Marianne Karsh, a trained forester who runs spiritual retreats at the Ignatius Jesuit Centre in Guelph, Ont., has seen people respond to trees as a healing, psychological aid: “People might look at a tree, and see part of it that has broken off, and think, ‘I thought my life was ending or that I am broken,' and then they see a branch that's sprouting up from the trunk, which is renewal, life going on.”
Deeply rooted in human existence, forests play out again and again in folklore, literature and popular culture as benign, magical or fearsome. There are the dark misadventures in the forest of Little Red Riding Hood and Hansel and Gretel. Snow White finds refuge in the dwarfs' cottage in the woods. Rumpelstiltskin reveals his name in the forest to help the heroine be free.
In Shakespeare's plays, the forest is the antithesis of court life – apart from normal human experience, a place of transformation and resolution.
Consider modern children's books such as Shel Silverstein's The Giving Tree, movies ( Avatar, The Tree and, most recently, The Tree of Life) and the artistic obsession of painter Robert Marchessault, who depicts trees as solitary, powerful experiences of light and colour and mood, set against a moving sky.
Even from an environmental point of view, trees are wizards of transformation and purification techniques. They've long been called the lungs of the Earth because of their function in absorbing and storing carbon dioxide and exhaling oxygen.
Earlier this summer, in the most comprehensive assessment yet of the global forest, published in the journal Science and co-written by the Canadian Forest Service, scientists concluded that forests suck up a third of the carbon pumped into the atmosphere each year through the burning of oil, gas and coal and lock it away in soil and wood.
A lack of attention to their importance in preventing climate change spells disaster, the scientists warned. From 1990 to 2007, fire and insect infestations have reduced the carbon sink in Canada's managed forests by half.
This magic is not limited to their effect on the air. Roots of trees such as poplar and willow act as hydraulic pumps to contain, degrade or eliminate pesticides, solvents and explosives in contaminated soil, experiments with phytoremediation plants around the world have shown. Trees trap water in the ground, which can help to prevent river-flooding disasters. As participants in ecosystems that include the bodies of water they border, they can also help to restore healthy marine chemistry. In northern Japan, a recovery in fisheries productivity has been credited, in part, to coastal reforestation efforts.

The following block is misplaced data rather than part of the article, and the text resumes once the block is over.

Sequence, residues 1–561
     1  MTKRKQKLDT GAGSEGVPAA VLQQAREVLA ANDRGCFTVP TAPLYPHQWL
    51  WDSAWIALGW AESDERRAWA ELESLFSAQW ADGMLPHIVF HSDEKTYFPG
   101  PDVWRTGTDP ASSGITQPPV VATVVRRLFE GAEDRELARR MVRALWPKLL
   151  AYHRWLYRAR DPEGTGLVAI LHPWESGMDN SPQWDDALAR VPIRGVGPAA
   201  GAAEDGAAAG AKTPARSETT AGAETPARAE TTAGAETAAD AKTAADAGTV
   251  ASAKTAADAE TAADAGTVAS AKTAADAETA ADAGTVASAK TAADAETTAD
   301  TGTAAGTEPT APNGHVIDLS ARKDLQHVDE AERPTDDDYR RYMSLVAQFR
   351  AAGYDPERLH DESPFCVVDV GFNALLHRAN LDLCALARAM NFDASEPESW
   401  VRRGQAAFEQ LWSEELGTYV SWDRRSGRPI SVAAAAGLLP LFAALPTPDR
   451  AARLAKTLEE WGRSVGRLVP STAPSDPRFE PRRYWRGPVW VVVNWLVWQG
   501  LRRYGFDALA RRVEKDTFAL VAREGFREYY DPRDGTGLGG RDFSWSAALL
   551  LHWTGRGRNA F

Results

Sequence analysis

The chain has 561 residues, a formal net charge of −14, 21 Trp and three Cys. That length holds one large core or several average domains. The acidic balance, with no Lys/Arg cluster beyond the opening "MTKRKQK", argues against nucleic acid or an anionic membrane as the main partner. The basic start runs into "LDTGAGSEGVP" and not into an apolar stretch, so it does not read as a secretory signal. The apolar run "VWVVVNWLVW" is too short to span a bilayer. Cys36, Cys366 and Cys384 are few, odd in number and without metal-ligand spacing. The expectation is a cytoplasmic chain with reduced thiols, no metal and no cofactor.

“We haven't taken the time to understand forests,” says Diana Beresford Kroeger, an Irish-Canadian botanist and author of The Global Forest, among other books. “They're like the oceans years ago. People didn't pay attention to them. But I think that's starting to take place. The culture of trees, the culture of nature, is starting to be appreciated. It's like a ghost in the minds of people.”
Maybe so. But maybe not. On a recent trip to northern California, I visited a tourist spot on the scenic Redwood Highway outside Eureka, near the Oregon boundary. Called Trees of Mystery, there was little magic in the presentation. The centre housed a large collection of aboriginal artifacts, but mostly it was given over to the brightly lit religion of consumerism – obligatory T-shirts, trinkets, toy fairies and gimmicky $7 vials of redwood seedlings that would surely wither in most backyards.
A giant, almost 50-foot, figure of Paul Bunyan and his blue ox sidekick beckoned visitors inside from the parking lot. (Bunyan waved and talked.) That their mascot is the mythological axe-wielding lumberjack suggests that the history of logging the giant redwoods – an epic struggle of man's dominance over nature – is just as celebrated as the idea that a tree that still stands could have started its life before Christ was born.
Ancient trees are treated like celebrities. Gaze upon them, slack-jawed; paparazzi them; and move on.
Still, there's a gondola ride that takes visitors up into the canopy, stopping periodically in the green silence so people can take in the beauty.
At the top, there's a neatly groomed trail down through a portion of the 130-acre private property of old-growth forest that has been operated as a tourist site since 1946. If you get off and walk, the reward is a free piece of fudge in the centre. But you don't have to, so for that 30-minute gondola-ride adventure in the heart of a redwood forest, high heels can be worn, no problem.
Sarah Hampson is a writer for The Globe and Mail.Report Typo/Error